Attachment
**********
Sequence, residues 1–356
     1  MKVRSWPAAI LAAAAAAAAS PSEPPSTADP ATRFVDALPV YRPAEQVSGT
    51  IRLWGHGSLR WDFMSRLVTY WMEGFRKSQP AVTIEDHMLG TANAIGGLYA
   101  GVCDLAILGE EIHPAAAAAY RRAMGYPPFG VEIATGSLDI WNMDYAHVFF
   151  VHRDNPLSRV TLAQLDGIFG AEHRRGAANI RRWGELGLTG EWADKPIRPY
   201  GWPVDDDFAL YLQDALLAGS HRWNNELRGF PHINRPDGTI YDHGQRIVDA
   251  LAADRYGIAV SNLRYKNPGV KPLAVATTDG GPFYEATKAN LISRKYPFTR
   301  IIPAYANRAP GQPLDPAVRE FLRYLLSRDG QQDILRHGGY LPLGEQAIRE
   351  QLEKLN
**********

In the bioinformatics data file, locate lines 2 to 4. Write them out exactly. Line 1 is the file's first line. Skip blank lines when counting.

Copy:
     1  MKVRSWPAAI LAAAAAAAAS PSEPPSTADP ATRFVDALPV YRPAEQVSGT
    51  IRLWGHGSLR WDFMSRLVTY WMEGFRKSQP AVTIEDHMLG TANAIGGLYA
   101  GVCDLAILGE EIHPAAAAAY RRAMGYPPFG VEIATGSLDI WNMDYAHVFF